Posted by Cris on April 9, 2007
I hope everyone had a nice Easter. Ours was great. We slept in, then got up and ate eggs and chocolate chips for breakfast (seperately). We then decided we needed to go to the store, as we had a pineapple to buy for the dinner we were invited to. We stepped outside the compound and started walking down the street when we saw a severed sheep head, eyes and all, staring up at us from the side. I thought it was kinda cool, Amy got a shiver down her spine, and we continued walking. Then maybe 10 yards further down the road we saw the second sheep head. I wondered if our walk was going to be lined with sheep parts, but that seemed to be the end of it. I saw another head late in the day, but that was all.
Why put the heads in the street? There werent other parts laying about- no feet, tails, entrails, skins… Why just the heads? Why dispose of the heads in this manner, when the rest seems to be disposed of more privately? I wont believe for a second, either, that the head is the only part that doesnt get eaten. Anyways, arent there about a million things you can do with a sheep head other than throw it in the street? I mean, bleach it and put it on the front of a minibus, or a taxi, thus turning them into war minibusses or war taxis. Put it in your enemy’s bed, a la Godfather. Cut off the horns and make a rad viking helmet. Wouldnt that be cool? Imagine riding your motorbike around town with a viking helmet on. You can bet the pedestrians and herdsmen would get out of your way a step quicker, eh? I told Amy we could take one home for Blacky, so he could have an Easter treat as well, but she vetoed that idea real quick like.
We got to be privy to the pre-Easter madness at the market Saturday. We needed a few things but more or less just wanted to look around. It was very busy, but everyone was nice and seemed in the mood to chat and laugh at our Amharic. Amy bought a half kilo of teff, and some ladies asked her why she was buying it. She said to make injera, and they all started laughing. “How many injeras are you going to make?” they asked her. “Three or four?” Evidently you need more than a half kilo of teff to make any sort of respectable pile of injera. Not to mention we have no idea where to get it ground into flour, how to ferment it, how long to ferment it, and where we will make it. But maybe some day we will make injera with it. Other than the busy but still pretty tame market, most pre Easter prep seemed to revolve around parading various sizes and styles of livstock about town, hoping someone would buy them. Sheep, goats, cows and chickens were the meats of choice (the only ones really, since both muslims and ethiopian orthodox are barred from eating pigs). I asked some boys how much their tinnish cows were, and they said 1,300 birr. A big one would be 3,000 or more. Most of the cows are bought and shared between 8-12 families though, or at least that what my class told me this morning. Chickens were by far the most popular animal bought: a chicken was about 50 birr, up from about 25 birr a month ago. One of the fruit seller guys near our house bought 100 chickens and sold them all in 4 days last week. He made maybe 5 birr profit on each one. The last lonely, scrawny rooster was tied to the post in front of the store Saturday night, and when we passed 20 minutes later he had been sold. Saturday morning the air hummed with rooster crows, but Sunday it was completely silent. A goat or sheep I guess would be a couple hundred birr, though I didnt ask. Eggs (one of the main ingredients in the Ethiopian national dish, doro wat) went up from .60 cents to .75, or even a birr each for big ones.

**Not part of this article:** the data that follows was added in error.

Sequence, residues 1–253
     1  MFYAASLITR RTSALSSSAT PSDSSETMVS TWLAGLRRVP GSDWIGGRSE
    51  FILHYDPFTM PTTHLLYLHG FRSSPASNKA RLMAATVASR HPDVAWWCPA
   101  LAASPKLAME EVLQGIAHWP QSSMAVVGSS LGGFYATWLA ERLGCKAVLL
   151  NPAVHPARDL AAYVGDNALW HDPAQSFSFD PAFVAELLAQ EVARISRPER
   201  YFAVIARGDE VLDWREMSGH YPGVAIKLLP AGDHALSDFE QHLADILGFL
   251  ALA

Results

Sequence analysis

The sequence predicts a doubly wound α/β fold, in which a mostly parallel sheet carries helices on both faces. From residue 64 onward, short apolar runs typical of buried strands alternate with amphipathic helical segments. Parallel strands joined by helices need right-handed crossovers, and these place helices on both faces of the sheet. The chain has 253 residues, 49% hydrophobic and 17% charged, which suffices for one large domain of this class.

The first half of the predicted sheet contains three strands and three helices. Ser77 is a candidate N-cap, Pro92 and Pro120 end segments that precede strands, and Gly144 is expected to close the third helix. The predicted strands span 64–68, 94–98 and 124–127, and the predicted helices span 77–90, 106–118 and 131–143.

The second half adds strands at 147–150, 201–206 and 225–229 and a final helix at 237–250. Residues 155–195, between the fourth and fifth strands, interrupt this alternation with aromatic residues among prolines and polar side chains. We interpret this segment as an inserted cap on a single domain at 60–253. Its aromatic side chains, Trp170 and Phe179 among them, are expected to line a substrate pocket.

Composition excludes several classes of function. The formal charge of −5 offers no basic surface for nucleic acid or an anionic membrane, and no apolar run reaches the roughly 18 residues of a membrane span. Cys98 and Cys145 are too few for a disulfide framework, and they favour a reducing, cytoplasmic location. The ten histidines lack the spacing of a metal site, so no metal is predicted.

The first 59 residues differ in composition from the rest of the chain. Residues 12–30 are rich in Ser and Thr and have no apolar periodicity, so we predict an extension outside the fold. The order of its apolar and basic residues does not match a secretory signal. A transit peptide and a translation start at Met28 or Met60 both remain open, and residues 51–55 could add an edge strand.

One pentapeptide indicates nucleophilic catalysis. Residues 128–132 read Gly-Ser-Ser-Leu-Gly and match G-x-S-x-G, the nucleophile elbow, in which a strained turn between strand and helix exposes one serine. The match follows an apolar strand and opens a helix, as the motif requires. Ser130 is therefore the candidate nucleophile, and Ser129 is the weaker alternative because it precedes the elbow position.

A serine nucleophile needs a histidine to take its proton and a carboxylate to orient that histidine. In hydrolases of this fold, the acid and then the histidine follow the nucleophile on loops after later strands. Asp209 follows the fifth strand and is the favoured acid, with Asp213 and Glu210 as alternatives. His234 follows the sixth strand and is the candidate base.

The main event, our dinner with Nardos’ family, went well. We ate piles and piles of doro wat, the custom being to fill your guests’ plates multiple times despite their protests. After the doro we ate tibs: oil-fried mutton nuggets with onions and peppers. The tibs was followed by three cups of traditional coffee, cookies, popcorn, t’edla (a homemade liquor), and wine. We went home thoroughly stuffed and went to sleep listening to our stomachs complain. We woke up listening to our stomachs complain, and I am just now feeling like eating lunch. People are a bit zombie-like today, after two months of a vegan-like fast, two days (for a lot of people) of complete fasting (not even water), being in church all night Saturday to Sunday, and then gorging on meat, milk, cheese, alcohol (and whatever else was banned during fasting) yesterday.